With the strong support of U.S. Senator Susan Collins, today the Senate overwhelmingly passed the Workforce Innovation and Opportunity Act (WIOA), job training legislation that would replace the Workforce Investment Act with targeted reforms that aim to improve services for unemployed and underemployed workers.
"Despite our nation's unemployment rate remaining unacceptably high, job openings in high-growth industries remain unfulfilled. This bill would streamline federal job training programs and narrow the "skills gap' by helping those seeking work to learn the skills that are required for the jobs that are available," Senator Collins said. "It would reform and improve programs that I have long supported while eliminating others that are ineffective or duplicative, establish new public-private partnerships, and put in place new tough financial responsibility requirements at the Department of Labor to protect effective programs like Job Corps and YouthBuild. The bill would also set standard performance measurements for all programs, with a focus on employment outcomes, employer satisfaction, and increased accountability for taxpayer dollars."
A summary of the legislation can be found below:
The Workforce Innovation and Opportunity Act would improve the workforce development system by:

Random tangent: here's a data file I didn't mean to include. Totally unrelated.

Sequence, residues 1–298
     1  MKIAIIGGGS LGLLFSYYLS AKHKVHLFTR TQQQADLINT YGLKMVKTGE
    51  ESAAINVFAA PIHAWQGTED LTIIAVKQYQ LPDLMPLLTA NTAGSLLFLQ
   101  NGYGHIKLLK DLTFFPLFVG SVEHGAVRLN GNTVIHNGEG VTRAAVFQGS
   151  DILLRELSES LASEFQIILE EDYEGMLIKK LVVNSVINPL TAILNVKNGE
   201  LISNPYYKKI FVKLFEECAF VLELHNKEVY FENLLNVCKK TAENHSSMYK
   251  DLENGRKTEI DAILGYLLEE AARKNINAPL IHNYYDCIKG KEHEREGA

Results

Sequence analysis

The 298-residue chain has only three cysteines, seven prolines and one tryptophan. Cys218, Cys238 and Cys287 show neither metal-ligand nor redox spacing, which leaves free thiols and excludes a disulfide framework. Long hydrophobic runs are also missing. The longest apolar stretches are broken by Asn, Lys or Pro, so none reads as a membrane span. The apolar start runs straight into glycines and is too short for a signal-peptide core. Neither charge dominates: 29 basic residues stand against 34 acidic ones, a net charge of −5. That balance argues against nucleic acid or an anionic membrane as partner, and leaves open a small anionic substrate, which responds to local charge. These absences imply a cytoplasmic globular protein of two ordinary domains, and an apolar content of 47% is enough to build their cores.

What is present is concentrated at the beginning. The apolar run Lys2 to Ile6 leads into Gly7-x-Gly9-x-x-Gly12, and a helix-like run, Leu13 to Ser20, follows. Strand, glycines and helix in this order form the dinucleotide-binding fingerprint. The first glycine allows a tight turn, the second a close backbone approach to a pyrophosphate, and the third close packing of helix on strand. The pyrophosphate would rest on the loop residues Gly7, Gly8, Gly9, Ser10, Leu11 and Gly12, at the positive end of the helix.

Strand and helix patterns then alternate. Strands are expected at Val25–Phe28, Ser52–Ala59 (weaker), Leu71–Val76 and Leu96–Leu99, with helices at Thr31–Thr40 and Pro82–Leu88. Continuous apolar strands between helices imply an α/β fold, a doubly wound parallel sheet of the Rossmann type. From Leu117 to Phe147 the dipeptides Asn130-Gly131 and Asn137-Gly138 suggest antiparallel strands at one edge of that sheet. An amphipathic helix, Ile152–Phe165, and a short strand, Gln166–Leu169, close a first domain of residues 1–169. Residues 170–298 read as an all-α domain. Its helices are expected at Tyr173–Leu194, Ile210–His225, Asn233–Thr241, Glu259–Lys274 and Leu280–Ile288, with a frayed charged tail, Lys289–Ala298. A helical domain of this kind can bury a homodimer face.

Eliminating 15 existing duplicative programs;
Creating nimbler and more strategic state and local workforce development boards;
Strengthening program evaluations;
Streamlining services and providing additional program flexibilities so local areas can better meet the unique needs of individuals;
Empowering local boards to tailor services to their region's employment and workforce needs; and
Supporting access to real-world education and workforce development opportunities.
WIOA would achieve better coordination by:
Better aligning workforce development programs with economic development and education initiatives;
Enabling businesses to identify in-demand skills and connecting workers with the opportunities to build those skills; and
Ensuring individuals with disabilities have the skills necessary to be successful in businesses that provide competitive, integrated employment.
And it would improve outreach to disconnected youth by:
Focusing youth program services on out-of-school youth, high school dropout recovery efforts, and attainment of recognized postsecondary credentials; and
Providing youth with disabilities the services and support they need to be successful in competitive, integrated employment.